grandkids’ mom), likes to teach high school math. Brandy also teaches her four kids on her
days off from work. Dad/Papa sometimes helps with the teaching. If there is a topic, math problem, or something
 
Brandy or I can’t get through the kids’ heads, we call on Dave when he gets home from
work. I have used DVDs for teaching some subjects or supplementing a lesson. The kids seem to thrive on a Charlotte Mason style of learning with some workbooks, textbooks, and printouts thrown in there. They enjoy reading encyclopedias and sharing information just for fun
(some days when there is lots of this going on, I don’t stop them for ―school‖ work; I let
that be school for the d
ay). And I mustn’t forget to mention all of the wonderful products we
receive to review as a member of the TOS Homeschool Crew! Others like to point out that I have a lot of kids to teach at home and how difficult that has to be. I have to remind them that my class has only ten students, whereas the typical public
school class has more than thirty students. I have it easy in comparison. I’ve never gotten
frustrated enough to wish for the big yellow school bus to stop by our house and pick up the kids. I h
ave, however, wondered if I’m not doing ―enough‖ and if they’d be better off in
school, but then I remind myself that I get to be their inspiration as they are my inspiration. The Lord has called us to keep them at home where they belong, for us to be their teachers. What better motivation could I ask for?
Then there is the added bonus of seeing the kids’ ―aha moments.‖ I get to hear them read their first words or a complete story. I get to write ―Great job!‖ on their papers and cover
their papers with
stars or smiley faces. I get to teach them consistently so that they aren’t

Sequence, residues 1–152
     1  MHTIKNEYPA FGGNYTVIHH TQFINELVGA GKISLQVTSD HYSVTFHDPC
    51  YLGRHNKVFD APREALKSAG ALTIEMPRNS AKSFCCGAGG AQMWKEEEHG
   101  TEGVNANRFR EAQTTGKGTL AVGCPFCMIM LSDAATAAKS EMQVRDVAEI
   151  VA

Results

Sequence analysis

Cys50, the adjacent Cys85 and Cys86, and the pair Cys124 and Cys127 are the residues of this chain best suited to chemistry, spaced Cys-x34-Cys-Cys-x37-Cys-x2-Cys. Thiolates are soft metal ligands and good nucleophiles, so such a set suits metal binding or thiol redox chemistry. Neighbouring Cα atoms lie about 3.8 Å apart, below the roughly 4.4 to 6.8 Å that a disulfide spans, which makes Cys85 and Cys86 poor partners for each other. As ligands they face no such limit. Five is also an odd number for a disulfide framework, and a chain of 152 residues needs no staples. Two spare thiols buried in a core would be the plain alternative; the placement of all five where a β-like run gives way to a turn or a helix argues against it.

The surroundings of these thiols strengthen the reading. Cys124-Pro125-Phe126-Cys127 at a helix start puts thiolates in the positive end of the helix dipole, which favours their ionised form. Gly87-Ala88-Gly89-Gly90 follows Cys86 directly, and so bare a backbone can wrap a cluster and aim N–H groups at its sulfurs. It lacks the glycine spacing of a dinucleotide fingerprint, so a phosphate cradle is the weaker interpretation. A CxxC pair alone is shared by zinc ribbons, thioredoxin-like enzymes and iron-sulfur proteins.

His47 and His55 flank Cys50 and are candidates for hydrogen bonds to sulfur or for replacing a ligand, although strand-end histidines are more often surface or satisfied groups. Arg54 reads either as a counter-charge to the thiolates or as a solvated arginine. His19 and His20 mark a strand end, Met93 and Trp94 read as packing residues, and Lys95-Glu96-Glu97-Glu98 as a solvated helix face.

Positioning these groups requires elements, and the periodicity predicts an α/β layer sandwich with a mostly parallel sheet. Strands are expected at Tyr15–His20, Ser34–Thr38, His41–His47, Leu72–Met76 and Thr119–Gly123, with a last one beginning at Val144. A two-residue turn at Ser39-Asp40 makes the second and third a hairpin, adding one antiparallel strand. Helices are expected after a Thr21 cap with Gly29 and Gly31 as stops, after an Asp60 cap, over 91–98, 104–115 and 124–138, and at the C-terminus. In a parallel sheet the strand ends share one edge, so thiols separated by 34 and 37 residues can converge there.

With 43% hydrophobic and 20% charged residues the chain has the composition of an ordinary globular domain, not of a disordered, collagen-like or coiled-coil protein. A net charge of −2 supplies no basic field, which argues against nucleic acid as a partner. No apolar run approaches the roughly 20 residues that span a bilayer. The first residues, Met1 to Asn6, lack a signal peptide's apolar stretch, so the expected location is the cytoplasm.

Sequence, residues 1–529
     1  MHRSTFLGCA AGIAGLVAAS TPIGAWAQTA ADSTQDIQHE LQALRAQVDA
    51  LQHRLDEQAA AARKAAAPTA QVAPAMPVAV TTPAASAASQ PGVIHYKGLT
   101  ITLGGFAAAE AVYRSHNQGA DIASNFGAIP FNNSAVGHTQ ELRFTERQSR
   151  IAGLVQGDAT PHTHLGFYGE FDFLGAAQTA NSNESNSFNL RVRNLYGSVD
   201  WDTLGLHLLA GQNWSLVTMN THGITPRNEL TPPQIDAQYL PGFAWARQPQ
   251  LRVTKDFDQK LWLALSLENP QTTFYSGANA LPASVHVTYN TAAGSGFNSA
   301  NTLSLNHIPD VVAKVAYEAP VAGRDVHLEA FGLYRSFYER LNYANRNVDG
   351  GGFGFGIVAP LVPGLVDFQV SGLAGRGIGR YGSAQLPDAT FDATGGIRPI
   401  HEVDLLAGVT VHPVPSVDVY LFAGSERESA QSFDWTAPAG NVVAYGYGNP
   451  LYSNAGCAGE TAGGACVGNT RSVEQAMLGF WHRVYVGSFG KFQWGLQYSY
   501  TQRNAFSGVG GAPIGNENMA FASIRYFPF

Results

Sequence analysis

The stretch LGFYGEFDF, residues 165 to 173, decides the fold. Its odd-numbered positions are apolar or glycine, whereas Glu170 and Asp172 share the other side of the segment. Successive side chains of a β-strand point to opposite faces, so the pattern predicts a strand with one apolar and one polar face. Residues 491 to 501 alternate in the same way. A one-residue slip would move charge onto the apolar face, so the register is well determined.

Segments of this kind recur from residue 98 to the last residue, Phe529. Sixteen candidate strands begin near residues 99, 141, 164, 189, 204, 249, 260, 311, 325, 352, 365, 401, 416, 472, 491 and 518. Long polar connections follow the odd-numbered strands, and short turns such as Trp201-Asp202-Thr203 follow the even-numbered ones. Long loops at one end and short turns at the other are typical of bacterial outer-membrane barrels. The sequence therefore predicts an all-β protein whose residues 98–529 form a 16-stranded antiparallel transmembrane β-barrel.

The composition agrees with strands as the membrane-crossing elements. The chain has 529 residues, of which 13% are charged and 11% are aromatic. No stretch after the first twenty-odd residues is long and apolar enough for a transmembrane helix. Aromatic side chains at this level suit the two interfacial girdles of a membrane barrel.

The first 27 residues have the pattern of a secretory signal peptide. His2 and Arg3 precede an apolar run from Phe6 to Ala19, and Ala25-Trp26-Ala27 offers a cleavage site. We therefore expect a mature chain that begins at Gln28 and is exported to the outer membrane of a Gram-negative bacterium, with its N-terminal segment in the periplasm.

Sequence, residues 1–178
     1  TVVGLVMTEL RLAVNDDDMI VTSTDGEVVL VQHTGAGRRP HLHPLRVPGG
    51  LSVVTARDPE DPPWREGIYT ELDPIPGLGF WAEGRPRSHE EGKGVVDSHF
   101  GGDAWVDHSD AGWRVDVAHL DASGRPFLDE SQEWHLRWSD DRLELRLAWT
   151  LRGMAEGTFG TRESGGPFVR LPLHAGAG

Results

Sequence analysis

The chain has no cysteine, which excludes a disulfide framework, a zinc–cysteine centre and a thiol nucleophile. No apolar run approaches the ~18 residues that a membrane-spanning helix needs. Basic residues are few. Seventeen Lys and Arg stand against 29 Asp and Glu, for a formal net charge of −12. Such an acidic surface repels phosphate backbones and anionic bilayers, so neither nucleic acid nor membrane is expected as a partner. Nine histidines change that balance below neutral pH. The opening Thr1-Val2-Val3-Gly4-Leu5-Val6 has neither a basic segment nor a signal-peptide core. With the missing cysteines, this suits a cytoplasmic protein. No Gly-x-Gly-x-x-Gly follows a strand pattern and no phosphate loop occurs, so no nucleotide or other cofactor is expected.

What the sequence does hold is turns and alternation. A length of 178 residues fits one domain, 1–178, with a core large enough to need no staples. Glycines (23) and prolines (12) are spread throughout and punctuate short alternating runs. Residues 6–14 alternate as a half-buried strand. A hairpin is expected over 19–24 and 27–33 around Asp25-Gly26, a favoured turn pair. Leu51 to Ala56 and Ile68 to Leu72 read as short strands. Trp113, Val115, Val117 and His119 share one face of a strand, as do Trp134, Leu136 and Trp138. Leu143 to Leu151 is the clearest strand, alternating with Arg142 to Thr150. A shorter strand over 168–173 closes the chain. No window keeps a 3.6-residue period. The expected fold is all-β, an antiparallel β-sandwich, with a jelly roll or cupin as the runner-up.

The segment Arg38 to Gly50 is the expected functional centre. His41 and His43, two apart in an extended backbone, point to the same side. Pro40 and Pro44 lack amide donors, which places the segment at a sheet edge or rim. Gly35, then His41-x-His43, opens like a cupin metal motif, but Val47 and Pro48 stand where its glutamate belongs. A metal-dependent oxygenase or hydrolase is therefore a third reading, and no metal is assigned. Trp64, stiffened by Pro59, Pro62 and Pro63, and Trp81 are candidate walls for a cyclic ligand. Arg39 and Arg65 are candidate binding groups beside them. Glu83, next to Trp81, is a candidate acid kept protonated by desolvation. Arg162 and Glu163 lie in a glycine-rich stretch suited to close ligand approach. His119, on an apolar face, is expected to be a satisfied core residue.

confused from year to year, having different teachers who expect different things from them. I get to enjoy the personality of a busy child vs. putting him on meds and never really getting to know him. I get to be their inspiration as they are my inspiration. I get to watch them grow up, not  just see them in my hurried evenings after they are home from school and I am home from
work. I get the privilege of being with my kids all day long. I can’t imagine
 it any other way.
My Current Students
• Nicole, 18, has cognitive delays. The public school was letting her down in her education.
She will be graduating from school in 2013. A future homemaker and mommy to a houseful of kids, she plans to homeschool too. Nicole is eligible to vote this year . . . where did time go?
• Jaime Rose, 17, is our future detective/crime scene investigator. She likes being
homeschooled so she can work at her own pace and study what she wants. She said the main perk to being homeschooled is being home with family.
• Ashley, 16, was the first child we adopted. She is succeeding and likes being at home. She
plans to homeschool all her adopted kids while on the mission field. Her favorite part about homeschooling is the ability to learn what she wants at the pace she needs.
• Donald, 15, likes being at home to work on his own as well. He doesn’t like sitting in a chair all day and wants to move around. He likes the idea that when he’s finished with his